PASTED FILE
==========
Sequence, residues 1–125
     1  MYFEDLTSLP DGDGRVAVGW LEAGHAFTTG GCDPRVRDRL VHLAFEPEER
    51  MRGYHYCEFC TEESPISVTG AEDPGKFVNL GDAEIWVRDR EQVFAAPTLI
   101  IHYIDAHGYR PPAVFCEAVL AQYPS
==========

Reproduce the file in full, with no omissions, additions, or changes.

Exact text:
Sequence, residues 1–125
     1  MYFEDLTSLP DGDGRVAVGW LEAGHAFTTG GCDPRVRDRL VHLAFEPEER
    51  MRGYHYCEFC TEESPISVTG AEDPGKFVNL GDAEIWVRDR EQVFAAPTLI
   101  IHYIDAHGYR PPAVFCEAVL AQYPS